Toyota to Readjust its EV Strategy to Compete with Tesla and BYD

Toyota has been too slow to develop pure electric vehicles, however now the Japanese automaker wants to pick up the pace, as it tries to keep pace with industry leaders– Tesla and BYD.

According to Reuters, Toyota will outline adjustments to its EV strategy through early 2026 to its supplier base in an effort to improve its offerings to narrow the gap on price and performance relative to the aforementioned EV leaders.

As per report, Toyota has been looking at ways to improve the competitiveness of EVs being planned for this decade, in part by speeding up the adoption of performance-boosting technologies for planned EVs, from electric drive systems – including motors – to the electronics that convert power from the grid to energy stored in batteries and more integrated heating and cooling systems.

Related: BYD Reveals Yangwang Brand Logo

The changes, however, might include delays to some of the EV development programs originally planned for the three-year period, one of the people familiar with the matter said. The changes would be for the successors to Toyota’s first two EVs for major markets, the bZ4X and the Lexus RZ, and intended to close the gap with Tesla & BYD on cost and performance.

Toyota is set to convene a major suppliers meetup in February, the first such global supplier convention since the pandemic. The Japanese automaker said in a statement that it is “always actively discussing and working with key (suppliers and partners) on a variety of topics,” to achieve carbon neutrality. But it said it had no new details to disclose on EV development projects.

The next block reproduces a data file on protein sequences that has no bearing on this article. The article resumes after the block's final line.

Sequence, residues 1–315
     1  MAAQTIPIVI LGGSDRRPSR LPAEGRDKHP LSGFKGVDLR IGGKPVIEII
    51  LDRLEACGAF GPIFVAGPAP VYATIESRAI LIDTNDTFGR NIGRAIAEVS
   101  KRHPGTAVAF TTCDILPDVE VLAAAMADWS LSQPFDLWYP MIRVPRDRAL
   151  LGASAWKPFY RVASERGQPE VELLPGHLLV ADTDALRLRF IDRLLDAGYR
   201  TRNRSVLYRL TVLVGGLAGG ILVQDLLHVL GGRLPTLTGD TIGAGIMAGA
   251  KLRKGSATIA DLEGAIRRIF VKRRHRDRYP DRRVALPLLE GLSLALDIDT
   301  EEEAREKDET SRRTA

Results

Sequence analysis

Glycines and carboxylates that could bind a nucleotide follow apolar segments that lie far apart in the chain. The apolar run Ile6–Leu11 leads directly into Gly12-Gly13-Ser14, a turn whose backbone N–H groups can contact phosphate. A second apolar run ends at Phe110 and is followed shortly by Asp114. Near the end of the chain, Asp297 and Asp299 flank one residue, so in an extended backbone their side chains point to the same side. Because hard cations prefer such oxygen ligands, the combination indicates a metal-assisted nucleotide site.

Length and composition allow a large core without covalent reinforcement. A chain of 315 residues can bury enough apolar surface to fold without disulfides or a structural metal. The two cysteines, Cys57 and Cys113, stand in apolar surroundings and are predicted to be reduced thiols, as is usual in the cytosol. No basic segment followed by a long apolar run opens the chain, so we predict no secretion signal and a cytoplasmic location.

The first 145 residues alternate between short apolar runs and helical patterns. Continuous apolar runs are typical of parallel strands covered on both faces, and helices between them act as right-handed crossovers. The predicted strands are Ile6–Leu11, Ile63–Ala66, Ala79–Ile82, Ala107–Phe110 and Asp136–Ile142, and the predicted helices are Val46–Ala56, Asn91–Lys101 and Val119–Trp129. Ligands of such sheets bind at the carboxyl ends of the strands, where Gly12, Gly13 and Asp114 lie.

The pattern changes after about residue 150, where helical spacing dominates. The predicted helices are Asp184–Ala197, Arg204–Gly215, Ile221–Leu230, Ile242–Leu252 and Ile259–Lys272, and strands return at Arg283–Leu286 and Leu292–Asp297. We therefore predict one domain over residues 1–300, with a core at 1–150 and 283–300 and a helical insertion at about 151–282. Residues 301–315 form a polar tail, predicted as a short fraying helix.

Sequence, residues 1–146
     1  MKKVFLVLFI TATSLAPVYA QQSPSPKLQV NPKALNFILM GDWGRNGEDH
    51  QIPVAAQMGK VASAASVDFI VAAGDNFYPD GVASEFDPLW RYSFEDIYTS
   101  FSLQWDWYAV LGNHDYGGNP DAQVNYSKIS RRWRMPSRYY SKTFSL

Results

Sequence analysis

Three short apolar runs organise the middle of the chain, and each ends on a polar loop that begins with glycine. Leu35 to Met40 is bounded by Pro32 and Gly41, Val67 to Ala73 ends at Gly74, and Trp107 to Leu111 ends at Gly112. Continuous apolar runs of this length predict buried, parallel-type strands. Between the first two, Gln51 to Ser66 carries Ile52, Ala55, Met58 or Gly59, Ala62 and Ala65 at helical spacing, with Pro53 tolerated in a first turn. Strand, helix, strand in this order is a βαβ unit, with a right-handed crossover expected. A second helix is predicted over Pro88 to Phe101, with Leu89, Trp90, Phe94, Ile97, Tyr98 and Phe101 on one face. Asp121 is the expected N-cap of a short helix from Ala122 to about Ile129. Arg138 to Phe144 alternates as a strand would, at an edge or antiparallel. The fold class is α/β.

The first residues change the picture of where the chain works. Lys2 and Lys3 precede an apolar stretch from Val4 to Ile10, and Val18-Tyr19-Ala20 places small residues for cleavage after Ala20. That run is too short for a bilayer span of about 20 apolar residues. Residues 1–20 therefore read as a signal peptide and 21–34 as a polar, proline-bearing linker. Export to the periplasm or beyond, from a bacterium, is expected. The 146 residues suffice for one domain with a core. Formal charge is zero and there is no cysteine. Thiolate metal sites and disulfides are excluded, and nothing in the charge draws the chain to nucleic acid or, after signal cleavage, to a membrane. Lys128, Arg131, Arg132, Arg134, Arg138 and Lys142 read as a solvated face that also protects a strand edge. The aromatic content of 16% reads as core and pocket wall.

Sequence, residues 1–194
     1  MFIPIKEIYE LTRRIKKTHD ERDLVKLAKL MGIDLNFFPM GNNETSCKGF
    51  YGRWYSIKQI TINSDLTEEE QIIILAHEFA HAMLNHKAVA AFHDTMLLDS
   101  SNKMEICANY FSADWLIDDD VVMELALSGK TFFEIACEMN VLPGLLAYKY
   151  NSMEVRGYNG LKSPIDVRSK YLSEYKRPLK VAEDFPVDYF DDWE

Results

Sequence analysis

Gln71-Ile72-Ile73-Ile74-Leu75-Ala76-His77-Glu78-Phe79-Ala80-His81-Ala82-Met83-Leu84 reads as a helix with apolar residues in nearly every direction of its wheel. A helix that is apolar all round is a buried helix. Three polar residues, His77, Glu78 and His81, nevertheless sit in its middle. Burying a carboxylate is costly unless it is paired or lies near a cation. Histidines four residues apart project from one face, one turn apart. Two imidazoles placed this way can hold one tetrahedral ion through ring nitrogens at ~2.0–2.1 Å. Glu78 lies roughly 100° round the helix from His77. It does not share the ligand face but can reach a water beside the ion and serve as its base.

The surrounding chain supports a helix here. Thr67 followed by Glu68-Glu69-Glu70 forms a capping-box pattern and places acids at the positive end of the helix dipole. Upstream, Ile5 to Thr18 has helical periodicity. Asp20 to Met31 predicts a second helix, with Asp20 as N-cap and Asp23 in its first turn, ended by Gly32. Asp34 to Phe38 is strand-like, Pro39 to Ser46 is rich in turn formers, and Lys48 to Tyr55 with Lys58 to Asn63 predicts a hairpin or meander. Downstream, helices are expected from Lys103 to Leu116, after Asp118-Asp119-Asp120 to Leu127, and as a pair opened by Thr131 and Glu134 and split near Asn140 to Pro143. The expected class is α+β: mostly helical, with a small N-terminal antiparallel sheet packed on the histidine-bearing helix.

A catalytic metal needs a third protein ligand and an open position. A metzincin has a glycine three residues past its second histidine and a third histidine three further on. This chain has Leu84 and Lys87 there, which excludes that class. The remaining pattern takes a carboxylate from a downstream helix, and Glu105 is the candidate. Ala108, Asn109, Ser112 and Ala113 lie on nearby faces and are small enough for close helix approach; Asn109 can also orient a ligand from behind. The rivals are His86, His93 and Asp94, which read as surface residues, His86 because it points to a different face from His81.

Related: Tesla Earns 8 Times More Profit per Car than Toyota

Tesla made almost 8 times the profit per vehicle as Toyota for the third quarter, partly because of its ability to simplify EV production and reduce cost, analysts have said. Thus Toyota has been reviewing a $30-billion, three-stage plan for developing and releasing EVs it announced late last year. It has suspended work on some battery-powered car projects announced last year, while a working group headed by former chief competitive officer Shigeki Terashi looks to improve cost performance and technology in the fast-growing market for EVs.

The working group has been charged with outlining plans to improve Toyota’s EV approach, including considering a potential successor to its new EV platform, e-TNGA. The revamp comes even as Toyota holds the view that hybrids will remain a crucial part of the transition to carbon-neutral transport. Most major automakers expect EVs to account for the majority of vehicle sales by 2030, and green investors and environmental groups have pushed Toyota to move faster as industry-wide EV sales exceed Toyota’s earlier assumptions.

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